The journey from Africa to Your cup
Do you care where your everyday coffee comes from? Where it was grown? Whose hands it went through before it reached your cup?
You probably recognize the barista from your favourite café on the street, maybe you even know their name. But do you know who worked on the beans before they got in the grinder and turned into a cup of filtered coffee or a lovely cappuccino?
The journey of coffee beans has become a breathtaking story of many cafés and roasteries. But the information you usually get on the packaging or a café flyer is just the tip of an iceberg.
Do you know who planted the coffee trees and nurtured them?
How it happened that the coffee beans were picked by the farmers’ hands? How they continued through the processing station to the drying beds, warehouses, mills and shipping containers?
We do. The journey of coffee is tangled and complicated. Beautiful marketing often hides the harsh and unfair reality of the countries where coffee comes from. And we refuse to be part of this system.
Coffee is consumed daily by most people in the developed world. And for tens of countries, coffee production is a key or even the only viable export sector. Changing our approach to coffee trade can thus indeed change the world.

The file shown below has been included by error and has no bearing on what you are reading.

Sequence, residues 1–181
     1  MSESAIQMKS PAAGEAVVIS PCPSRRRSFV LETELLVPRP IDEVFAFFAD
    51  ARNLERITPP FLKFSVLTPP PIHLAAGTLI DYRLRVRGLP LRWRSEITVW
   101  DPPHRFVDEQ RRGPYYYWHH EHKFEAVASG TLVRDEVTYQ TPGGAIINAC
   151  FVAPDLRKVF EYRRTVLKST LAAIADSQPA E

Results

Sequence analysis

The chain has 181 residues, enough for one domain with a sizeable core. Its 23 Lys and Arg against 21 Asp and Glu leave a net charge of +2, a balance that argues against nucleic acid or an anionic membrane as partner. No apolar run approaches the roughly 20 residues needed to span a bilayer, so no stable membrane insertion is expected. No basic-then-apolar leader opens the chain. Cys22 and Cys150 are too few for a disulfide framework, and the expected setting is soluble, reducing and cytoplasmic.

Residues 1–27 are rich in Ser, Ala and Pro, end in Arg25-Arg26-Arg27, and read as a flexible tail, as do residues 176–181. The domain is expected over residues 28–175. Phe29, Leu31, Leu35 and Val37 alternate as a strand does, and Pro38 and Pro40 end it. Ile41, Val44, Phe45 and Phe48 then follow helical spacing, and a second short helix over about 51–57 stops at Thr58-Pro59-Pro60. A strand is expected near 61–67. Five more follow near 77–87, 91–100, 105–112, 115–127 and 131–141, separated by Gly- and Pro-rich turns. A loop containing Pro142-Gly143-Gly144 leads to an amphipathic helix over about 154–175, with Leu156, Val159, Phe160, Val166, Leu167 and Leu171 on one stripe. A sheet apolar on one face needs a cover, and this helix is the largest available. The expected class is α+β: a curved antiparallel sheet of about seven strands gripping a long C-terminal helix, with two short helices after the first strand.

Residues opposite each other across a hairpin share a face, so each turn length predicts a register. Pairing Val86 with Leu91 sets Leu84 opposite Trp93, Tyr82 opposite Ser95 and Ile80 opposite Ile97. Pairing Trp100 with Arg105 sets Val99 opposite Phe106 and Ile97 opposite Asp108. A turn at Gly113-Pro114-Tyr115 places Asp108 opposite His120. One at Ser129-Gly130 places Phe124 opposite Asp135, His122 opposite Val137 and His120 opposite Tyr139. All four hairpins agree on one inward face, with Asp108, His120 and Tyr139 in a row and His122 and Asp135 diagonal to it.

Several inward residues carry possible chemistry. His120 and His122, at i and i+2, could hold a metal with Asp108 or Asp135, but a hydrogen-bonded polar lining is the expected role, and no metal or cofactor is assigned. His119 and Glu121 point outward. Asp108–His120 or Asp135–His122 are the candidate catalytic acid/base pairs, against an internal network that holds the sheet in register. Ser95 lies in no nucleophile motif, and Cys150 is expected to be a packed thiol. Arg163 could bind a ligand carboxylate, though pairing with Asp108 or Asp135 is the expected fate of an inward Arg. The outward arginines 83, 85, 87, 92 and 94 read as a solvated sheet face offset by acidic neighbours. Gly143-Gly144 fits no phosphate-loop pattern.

We will only import coffee beans whose origin we are carefully inspected personally.
Thanks to that, we can guarantee that it was not grown in a monoculture and that the coffee trees can continue to grow sustainably for decades to come. This helps us reduce deforestation and promote biodiversity.
We can also ensure that “our” coffees are produced and processed by people who know exactly what they are doing. The quality of the beans they deliver this year will be the same or better the next year, because they have a responsible approach to their job.
And the money you pay for the coffee will flow to accounts of smaller local companies, which will fairly distribute them among all the helping hands involved in the production. They will not end up in the pockets of middlemen or supranational oligarchs, as most of the world’s coffee revenue does.
The first step on our journey will be a trip to our contacts in Rwanda, Kenya, Tanzania, Uganda and Ethiopia.
Embark on the journey with us!